Char­ac­ter and motivation

Manuela Schenkel de­vel­ops a unique concept in­spired by her grand­mother, Hedwig Schenkel.

Pro­file Manuela Schenkel

Lächelnde Manuela Schenkel mit herunter gezogener Sonnebrille
Founder of the Hedwig-Schenkel-Haus
Ältere Aufnahme von Manuela (links) und Hedwig Schenkel am Wohnzimmertisch
Grand­daugh­ter and grandmother

Manuela Schenkel ex­udes an air of calm but is mo­tiv­ated by an un­quench­able long­ing for ad­ven­ture. This led her to spend nine months on the Carib­bean is­land of Mar­ti­nique in her uni­ver­sity days. Now she plans to ‘bring about some­thing spe­cial’ through the cre­ation of the Hedwig-Schenkel-Haus, a res­id­en­tial pro­ject for Ger­man-speak­ing people aged 60 plus.

Manuela un­der­stands the im­port­ance of ef­fi­ciency in her res­id­en­tial pro­ject and her role as gen­eral man­ager for UK Dies Group, a Brit­ish man­u­fac­turer for the auto­mot­ive in­dustry. On a per­sonal level, Manuela is not mo­tiv­ated by money. But hav­ing com­pleted a master’s de­gree in In­ter­na­tional Busi­ness Man­age­ment with lan­guages, she un­der­stands bal­ance sheets. Manuela’s ad­ven­tur­ous spirit led her to Eng­land in 1994, where she ini­tially worked in a care home help­ing people with de­men­tia, be­fore run­ning a fam­ily busi­ness for 20 years.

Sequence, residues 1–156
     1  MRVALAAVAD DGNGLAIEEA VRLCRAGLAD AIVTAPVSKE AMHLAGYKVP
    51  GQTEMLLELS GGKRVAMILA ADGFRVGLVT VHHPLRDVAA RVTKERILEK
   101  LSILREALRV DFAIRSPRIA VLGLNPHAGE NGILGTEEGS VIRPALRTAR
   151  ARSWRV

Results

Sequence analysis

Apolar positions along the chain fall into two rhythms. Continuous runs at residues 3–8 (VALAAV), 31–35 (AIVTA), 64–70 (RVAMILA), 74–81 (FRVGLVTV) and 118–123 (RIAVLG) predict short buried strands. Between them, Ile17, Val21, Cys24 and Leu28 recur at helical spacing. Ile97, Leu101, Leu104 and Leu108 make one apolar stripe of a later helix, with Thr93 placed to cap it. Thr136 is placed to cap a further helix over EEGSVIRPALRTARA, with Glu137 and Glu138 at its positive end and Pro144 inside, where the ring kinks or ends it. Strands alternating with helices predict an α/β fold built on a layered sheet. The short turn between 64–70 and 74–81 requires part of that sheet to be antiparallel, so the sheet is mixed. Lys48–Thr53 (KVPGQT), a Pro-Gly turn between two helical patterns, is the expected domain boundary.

Born in 1971 in south­west­ern Ger­many, Manuela grew up with sev­eral gen­er­a­tions under one roof. Even as a child, she ap­pre­ci­ated the col­lec­ted life ex­per­i­ences of the Schenkel house­hold. She was gif­ted a great love of nature and read­ing by her grand­mother, Hedwig. ‘My dad's mum paved the way for my spir­itual de­vel­op­ment and taught me the value of true tol­er­ance’, ex­plains Manuela.